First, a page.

He then added, in response to a question, that if he were to lose a primary he would still seek re-election.
"I intend to be on the ballot in November," he declared. (Krechevsky)
...Well, given that he's stronger among Republicans and independents than Democrats, that isn't surprising.
ConnecticutBlog, My Left Nutmeg and Daily Kos all seem to think this points to Lieberman's fear that he could, in fact, lose the primary.
But how likely is it that he could lose? A Dkos commenter pointed to Larson's loss in 1994 as proof that party-backed candidates could be defeated by grassroots liberal organizing. In fact, Lamont (if it's him) would be going after essentially the same voters as Curry did.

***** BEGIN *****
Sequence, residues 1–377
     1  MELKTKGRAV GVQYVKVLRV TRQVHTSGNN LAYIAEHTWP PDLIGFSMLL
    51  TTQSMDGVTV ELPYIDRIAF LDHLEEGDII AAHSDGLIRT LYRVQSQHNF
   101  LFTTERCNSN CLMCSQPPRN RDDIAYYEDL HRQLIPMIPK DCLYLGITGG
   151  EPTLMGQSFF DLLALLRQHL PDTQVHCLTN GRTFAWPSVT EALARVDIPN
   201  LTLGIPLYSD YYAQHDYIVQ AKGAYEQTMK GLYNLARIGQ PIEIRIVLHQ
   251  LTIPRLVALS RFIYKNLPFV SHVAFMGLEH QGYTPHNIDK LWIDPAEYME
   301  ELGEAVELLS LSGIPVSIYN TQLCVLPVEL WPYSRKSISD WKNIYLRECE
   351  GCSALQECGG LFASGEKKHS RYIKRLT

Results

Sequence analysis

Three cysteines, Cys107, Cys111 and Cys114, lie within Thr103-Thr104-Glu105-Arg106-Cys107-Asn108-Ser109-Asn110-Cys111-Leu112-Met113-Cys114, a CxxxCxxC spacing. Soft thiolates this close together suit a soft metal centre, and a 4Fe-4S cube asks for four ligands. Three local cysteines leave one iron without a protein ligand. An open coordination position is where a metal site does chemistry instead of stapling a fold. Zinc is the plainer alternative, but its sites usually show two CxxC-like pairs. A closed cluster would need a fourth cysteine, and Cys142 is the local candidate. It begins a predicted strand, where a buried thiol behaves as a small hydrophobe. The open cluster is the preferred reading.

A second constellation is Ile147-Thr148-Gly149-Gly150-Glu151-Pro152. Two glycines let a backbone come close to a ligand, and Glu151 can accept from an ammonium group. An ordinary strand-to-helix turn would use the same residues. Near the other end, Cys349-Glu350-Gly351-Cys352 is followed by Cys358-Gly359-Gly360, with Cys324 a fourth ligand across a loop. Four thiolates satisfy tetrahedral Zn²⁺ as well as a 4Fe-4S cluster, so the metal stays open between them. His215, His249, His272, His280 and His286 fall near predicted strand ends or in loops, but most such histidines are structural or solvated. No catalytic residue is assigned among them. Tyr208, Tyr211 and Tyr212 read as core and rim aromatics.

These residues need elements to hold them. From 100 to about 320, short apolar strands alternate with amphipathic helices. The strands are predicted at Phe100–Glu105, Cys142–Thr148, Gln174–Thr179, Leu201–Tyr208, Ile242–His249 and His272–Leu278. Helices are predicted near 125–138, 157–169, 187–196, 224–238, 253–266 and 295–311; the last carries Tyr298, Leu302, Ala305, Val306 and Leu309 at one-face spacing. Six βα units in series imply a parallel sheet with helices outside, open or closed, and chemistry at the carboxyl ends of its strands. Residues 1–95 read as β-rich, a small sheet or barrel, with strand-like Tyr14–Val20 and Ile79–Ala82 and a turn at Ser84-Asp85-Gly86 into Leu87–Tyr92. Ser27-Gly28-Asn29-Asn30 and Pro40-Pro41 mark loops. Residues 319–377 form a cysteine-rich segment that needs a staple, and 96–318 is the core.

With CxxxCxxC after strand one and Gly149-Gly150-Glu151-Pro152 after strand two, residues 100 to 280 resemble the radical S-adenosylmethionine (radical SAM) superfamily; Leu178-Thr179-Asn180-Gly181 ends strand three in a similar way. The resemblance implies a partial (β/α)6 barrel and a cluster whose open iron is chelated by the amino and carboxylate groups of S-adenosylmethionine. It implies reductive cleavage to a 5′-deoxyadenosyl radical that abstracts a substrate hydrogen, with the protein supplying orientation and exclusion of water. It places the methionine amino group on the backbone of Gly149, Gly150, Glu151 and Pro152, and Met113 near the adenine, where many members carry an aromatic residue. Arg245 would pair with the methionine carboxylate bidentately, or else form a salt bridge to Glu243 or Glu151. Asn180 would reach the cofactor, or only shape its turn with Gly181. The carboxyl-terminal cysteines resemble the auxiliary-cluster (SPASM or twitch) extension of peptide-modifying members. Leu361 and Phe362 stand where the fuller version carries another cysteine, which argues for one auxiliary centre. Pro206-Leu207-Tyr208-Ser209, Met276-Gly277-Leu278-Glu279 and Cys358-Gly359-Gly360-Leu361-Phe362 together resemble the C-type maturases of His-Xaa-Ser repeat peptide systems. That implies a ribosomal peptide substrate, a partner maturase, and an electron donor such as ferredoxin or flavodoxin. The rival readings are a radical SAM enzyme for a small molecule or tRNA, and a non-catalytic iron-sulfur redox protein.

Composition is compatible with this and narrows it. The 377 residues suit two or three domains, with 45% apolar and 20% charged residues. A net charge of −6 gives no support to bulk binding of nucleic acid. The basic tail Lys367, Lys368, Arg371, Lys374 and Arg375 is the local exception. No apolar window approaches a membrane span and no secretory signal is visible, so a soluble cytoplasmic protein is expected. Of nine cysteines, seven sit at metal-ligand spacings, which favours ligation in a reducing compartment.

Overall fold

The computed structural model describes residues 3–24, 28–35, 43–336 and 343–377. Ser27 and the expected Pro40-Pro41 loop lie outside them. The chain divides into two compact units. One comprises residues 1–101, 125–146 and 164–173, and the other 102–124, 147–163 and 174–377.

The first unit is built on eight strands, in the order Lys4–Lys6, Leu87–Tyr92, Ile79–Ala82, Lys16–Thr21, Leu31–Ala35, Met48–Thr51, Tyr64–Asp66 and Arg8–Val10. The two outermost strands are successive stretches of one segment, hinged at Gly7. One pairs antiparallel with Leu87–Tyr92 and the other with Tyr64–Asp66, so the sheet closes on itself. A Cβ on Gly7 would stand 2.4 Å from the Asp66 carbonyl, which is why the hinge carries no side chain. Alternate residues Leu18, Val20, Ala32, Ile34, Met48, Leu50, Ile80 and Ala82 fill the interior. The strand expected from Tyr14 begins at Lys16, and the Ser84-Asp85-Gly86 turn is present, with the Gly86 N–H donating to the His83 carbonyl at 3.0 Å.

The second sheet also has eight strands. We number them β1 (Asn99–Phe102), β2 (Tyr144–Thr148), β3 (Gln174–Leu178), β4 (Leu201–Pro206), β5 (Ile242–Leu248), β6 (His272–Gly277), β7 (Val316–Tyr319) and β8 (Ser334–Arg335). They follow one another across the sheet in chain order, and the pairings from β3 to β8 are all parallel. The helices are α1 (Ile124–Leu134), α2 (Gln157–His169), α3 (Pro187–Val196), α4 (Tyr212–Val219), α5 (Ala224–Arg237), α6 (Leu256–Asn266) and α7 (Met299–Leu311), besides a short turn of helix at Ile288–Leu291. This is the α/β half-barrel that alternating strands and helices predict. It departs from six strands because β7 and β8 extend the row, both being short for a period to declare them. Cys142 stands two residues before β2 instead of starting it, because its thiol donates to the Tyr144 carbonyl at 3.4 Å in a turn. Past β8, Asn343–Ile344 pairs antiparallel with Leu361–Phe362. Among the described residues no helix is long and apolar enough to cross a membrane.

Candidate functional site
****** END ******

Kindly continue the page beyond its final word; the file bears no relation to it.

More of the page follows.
Still, Larson wasn't particularly popular, and Curry had been running for more than a year before the primary that year. Lamont would be starting from zero against a well-known, apparently well-liked incumbent five months before the convention, and eight months before the primary. The odds are not good.
That isn't to say Lamont shouldn't run. He should. I don't agree with Scott McLean from Quinnipiac that it's hopeless to run against Lieberman. A significant minority of Democrats want an alternative to Lieberman, and dedicated minorities can, in fact, win primaries. Bad starting odds don't an impossible race make.
Krechevsky, David. "Lieberman says he's ready to fight for Senate seat." Waterbury Republican-American 11 January, 2006.